Now, I’ll be honest.  I kind of missed the mirror once it was gone.   The wall seemed so plain and generic without it.   And really, I never had a problem with it.  It was kind of retro.  But, then I reminded myself that (1) The mirror wasn’t the safest feature in our house, having seen how insecurely it was mounted, and (2) we aren’t done yet.  I need to learn not to second guess our decisions in the middle of a project.  The middle never makes sense.

So, basically, the plan for the wet-bar is as follows:

1. Change out the faucet handles to update the fixture on the cheap

2. Coat the countertop in concrete and seal that puppy up.  Once this is done and the tone of grey concrete is apparent, we can…

3. …Choose tile to install on the entire wall behind the wet bar (anybody have a wet-saw we can borrow?).   I’m thinking some kind of glass mosaic tile or maybe marble?   Once this is done, we’ll…

4. …Add a large framed mirror to bounce some light around.  And the piece de resistance.,,,

5. Install two pendant lights above the bar for additional light and style.

Woop-AH!  (That’s a whip sound) (which made sense in my head) (but now, not so much) (thanks for sticking with me) (loveyou)

So, anyways, I’ve already changed out the faucet handles, reattached the cabinet doors, and accessorized the area as a Phase One step to tide us over until the other improvements are complete.   I’ll have a post about that up soon…  I just didn’t want to overload y’all in one post, so I’m spreading the love.  Next, I’ll be concreting the countertop (yes, I totally verb-ized ‘concrete’).  And I already know which pendants I want.  We just need to get them and install junction boxes in the ceiling.   I can’t WAIT to get this all done and see it come together.  I’m pretty excited about it.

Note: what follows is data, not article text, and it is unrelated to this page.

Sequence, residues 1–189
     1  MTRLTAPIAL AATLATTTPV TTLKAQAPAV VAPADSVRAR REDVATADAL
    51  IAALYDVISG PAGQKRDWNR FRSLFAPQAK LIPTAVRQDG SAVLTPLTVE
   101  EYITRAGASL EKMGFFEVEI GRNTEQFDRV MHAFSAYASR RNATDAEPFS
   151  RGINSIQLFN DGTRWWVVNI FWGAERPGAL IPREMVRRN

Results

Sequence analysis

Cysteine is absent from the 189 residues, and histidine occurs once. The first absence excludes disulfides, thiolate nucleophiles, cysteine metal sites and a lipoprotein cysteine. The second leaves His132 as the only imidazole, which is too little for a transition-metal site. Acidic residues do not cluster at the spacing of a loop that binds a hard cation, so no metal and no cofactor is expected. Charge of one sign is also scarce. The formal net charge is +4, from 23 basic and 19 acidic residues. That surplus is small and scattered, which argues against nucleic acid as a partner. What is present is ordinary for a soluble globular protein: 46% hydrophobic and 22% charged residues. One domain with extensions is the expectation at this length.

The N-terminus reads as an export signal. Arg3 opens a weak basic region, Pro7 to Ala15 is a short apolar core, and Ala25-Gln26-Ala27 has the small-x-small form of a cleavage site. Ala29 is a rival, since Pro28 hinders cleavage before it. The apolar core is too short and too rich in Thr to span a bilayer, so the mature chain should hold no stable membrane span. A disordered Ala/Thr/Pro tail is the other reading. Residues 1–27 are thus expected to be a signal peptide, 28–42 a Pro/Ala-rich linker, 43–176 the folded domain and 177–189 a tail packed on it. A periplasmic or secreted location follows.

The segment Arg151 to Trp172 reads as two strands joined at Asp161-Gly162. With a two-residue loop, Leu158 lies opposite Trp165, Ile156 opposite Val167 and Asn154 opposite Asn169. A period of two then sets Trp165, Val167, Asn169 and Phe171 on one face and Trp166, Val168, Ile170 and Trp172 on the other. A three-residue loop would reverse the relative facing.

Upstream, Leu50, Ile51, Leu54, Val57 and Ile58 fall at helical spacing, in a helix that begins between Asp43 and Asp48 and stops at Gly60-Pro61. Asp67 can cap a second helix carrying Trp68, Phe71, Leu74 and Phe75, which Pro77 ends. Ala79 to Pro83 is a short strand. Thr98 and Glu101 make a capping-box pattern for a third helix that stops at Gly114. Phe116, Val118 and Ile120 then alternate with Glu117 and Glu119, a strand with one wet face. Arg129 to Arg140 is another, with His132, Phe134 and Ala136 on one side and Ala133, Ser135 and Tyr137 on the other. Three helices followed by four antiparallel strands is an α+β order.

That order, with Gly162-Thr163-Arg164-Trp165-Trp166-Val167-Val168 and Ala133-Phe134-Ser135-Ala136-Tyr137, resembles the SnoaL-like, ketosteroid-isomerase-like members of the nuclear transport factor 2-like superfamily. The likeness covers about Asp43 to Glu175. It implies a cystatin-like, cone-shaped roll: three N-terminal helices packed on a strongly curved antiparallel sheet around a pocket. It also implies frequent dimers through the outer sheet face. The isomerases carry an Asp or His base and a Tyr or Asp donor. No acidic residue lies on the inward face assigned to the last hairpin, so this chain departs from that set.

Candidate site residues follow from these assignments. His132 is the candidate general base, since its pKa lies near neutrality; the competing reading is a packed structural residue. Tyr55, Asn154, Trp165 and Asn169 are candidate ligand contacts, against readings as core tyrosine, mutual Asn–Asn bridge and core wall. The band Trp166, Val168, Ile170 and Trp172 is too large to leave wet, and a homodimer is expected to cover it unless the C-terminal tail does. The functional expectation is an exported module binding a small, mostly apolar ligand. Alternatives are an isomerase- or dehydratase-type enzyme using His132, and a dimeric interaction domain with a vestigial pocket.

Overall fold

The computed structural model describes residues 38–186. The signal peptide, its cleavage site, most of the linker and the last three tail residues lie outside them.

So, have any of y’all started a “small” project as of late which snowballed into a big one?  Tell me about it!!

You can check out the next steps in the makeover here: switching out our faucet handles on the cheap, and finding a CRAZY awesome vintage mirror


TDC Before and After

11 thoughts on “Wet-bar. Oh, the wet-bar.

  1. Sounds like a great plan. Love the idea of tiling that back wall and doing a free-standing mirror. It’s a much more updated look. Can’t wait to see it!

    • Thanks, Jessie!!! I can’t wait to get it all done!!! I’m really looking forward to the lighting most, I think… It’s so dark over there. It’ll make such a difference!